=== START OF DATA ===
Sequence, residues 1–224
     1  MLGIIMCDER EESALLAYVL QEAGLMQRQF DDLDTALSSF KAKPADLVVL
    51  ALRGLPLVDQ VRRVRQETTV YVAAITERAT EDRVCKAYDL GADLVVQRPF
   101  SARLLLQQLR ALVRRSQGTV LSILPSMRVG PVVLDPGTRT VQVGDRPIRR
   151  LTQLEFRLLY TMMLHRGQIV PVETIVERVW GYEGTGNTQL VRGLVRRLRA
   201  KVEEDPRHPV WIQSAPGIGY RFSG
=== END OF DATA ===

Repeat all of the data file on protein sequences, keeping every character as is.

Sequence, residues 1–224
     1  MLGIIMCDER EESALLAYVL QEAGLMQRQF DDLDTALSSF KAKPADLVVL
    51  ALRGLPLVDQ VRRVRQETTV YVAAITERAT EDRVCKAYDL GADLVVQRPF
   101  SARLLLQQLR ALVRRSQGTV LSILPSMRVG PVVLDPGTRT VQVGDRPIRR
   151  LTQLEFRLLY TMMLHRGQIV PVETIVERVW GYEGTGNTQL VRGLVRRLRA
   201  KVEEDPRHPV WIQSAPGIGY RFSG